rentier /rã-tyā/ noun

  1. A fundholder
  2. A person who has, or who lives on, an income from rents or investments

Kevin Hollinroke, a johnsonite MP, said this about non-dom status on the BBC's Today programme:

This is not a tax dodge. It is a deliberate policy to attract wealthy people from other countries around the world to the UK on the basis that they create jobs and create wealth in the UK that benefits everybody.

[Quote via The Guardian.]

Hollinroke is, unsurprisingly, dissembling, or perhaps merely too dim to understand what he is talking about. Non-doms create money and wealth if they are doing something to do so: being very rich does not on its own magically generate economic activity (apart, perhaps, from employing some servants, and keeping very expensive restaurants in business). In particular, rentiers do not generate economic activity: they just passively live off the income from their investments.

Akshata Murty is a rentier: she owns £700m in shares in Infosys, an Indian IT firm, from which she received £11.6m in income last year. She did nothing to earn this income: she was given these shares by her father, N. R. Narayana Murthy, a billionaire and one of the founders of Infosys. She may be economically active, but she is nothing like as economically active as someone running a company in the UK from which they received this income, for instance: she is, again, a rentier.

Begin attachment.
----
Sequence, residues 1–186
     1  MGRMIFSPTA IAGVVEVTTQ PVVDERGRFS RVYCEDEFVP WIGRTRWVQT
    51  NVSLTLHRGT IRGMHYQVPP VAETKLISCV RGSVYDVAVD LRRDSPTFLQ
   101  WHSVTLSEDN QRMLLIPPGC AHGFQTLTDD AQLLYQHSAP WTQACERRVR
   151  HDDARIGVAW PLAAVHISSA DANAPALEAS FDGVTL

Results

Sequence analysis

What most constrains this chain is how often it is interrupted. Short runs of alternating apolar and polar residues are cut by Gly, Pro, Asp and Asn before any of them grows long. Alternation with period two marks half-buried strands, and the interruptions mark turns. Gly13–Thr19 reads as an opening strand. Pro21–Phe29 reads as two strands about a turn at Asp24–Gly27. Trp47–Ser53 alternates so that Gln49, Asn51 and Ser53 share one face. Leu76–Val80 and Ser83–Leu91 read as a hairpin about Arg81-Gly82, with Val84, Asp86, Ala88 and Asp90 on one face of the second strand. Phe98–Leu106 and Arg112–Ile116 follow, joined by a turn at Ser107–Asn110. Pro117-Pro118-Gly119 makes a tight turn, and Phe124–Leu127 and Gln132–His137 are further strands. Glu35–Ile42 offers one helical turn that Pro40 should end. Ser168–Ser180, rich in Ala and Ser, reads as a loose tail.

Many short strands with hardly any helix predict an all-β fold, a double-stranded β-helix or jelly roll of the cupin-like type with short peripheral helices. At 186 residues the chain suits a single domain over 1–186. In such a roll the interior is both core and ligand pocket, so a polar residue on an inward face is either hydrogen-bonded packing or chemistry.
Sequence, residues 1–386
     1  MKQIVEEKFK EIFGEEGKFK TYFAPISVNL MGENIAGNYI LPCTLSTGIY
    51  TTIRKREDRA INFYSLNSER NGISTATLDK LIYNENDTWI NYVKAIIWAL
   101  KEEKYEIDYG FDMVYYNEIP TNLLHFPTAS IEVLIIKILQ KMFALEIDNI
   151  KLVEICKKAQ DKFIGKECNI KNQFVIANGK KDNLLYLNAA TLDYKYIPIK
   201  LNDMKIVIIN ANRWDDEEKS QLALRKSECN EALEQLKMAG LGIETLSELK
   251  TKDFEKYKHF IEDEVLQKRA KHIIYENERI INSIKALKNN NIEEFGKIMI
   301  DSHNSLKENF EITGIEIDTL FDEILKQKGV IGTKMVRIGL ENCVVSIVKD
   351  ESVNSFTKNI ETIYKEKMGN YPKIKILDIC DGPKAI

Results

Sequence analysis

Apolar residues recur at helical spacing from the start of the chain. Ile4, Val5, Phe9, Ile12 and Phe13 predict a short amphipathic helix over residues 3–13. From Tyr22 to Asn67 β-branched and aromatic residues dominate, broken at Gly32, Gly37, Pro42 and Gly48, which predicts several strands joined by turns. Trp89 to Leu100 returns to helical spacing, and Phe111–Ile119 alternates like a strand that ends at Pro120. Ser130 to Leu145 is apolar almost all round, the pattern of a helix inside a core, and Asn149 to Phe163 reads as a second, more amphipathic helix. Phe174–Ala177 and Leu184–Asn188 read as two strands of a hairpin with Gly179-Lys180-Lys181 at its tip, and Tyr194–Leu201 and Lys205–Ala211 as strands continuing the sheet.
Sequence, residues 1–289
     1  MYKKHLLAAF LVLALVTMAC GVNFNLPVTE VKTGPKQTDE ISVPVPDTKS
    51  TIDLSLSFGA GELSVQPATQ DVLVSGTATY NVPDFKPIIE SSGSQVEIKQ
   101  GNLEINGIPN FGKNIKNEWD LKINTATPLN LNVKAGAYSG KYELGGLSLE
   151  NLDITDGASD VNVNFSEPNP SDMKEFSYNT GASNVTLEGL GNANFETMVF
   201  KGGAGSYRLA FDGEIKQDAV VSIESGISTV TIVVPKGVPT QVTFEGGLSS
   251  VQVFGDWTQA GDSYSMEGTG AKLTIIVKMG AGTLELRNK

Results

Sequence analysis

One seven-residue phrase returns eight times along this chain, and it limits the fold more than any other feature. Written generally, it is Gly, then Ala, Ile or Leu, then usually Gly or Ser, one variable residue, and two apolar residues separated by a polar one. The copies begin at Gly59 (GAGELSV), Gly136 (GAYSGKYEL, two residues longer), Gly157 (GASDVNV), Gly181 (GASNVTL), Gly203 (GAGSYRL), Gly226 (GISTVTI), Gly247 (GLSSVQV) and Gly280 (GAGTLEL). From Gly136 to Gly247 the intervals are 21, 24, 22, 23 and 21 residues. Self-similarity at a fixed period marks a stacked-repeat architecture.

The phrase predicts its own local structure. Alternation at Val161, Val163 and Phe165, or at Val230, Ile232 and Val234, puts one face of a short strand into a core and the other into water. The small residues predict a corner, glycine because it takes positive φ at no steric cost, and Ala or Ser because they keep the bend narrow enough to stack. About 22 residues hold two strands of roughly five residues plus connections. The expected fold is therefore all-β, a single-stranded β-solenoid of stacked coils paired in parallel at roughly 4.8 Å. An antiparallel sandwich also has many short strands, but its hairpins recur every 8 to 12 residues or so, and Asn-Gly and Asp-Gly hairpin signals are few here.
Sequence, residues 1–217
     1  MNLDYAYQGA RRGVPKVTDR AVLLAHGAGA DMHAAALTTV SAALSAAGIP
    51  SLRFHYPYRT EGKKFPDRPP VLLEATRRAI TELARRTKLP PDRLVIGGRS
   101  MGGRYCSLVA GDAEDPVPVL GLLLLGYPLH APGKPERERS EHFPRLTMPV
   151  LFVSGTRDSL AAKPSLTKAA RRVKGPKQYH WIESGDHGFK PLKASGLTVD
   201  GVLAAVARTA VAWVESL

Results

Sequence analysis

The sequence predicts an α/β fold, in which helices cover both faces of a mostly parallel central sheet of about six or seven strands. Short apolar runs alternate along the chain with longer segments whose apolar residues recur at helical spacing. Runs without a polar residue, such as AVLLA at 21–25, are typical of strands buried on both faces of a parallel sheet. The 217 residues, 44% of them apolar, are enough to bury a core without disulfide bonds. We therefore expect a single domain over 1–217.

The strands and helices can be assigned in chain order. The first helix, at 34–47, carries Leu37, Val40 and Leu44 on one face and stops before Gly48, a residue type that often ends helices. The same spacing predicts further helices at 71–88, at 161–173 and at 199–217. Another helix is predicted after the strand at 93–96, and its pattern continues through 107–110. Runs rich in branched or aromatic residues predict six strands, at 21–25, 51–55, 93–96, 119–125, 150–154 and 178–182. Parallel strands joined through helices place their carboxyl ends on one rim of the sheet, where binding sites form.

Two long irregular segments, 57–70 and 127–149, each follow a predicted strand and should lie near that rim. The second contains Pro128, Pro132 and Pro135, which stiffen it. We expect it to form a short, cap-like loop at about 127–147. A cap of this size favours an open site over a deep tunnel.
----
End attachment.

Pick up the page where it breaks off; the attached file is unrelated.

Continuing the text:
There is nothing illegal about being a rentier, and arguably nothing inherently wrong about it. However it is clearly not the case that Akshata Murty creates either jobs or wealth in the UK: she is simply living off her unearned income. Allowing her to be a non-dom has no possible benefit to the UK: it is, purely and simply, a way she is using to avoid paying tax in the UK on her unearned income.

It should be quite surprising that the rules around non-doms allow rentiers, but given the corruption at the heart of the UK government it is not. Bribing politicians is part of the cost of living for kleptocrats who want to spend time in the UK, and is not expensive, by their standards. Indeed, the £30,000 yearly fee to maintain non-dom status is essentially just one of those bribes.

What is quite surprising is that Rishi Sunak was stupid enough not to see that this might look a little bit bad for him. Perhaps he is so protected from reality by his vast wall of money that it simply never occurred to him that other people might object to this sort of behaviour by kleptocratsplutocrats.

And, of course, even though Akshata Murty has now graciously agreed to pay the tax she was avoiding, she hasn't given up her non-dom status. So in due course £280m of inheritance tax won't be paid in the UK.

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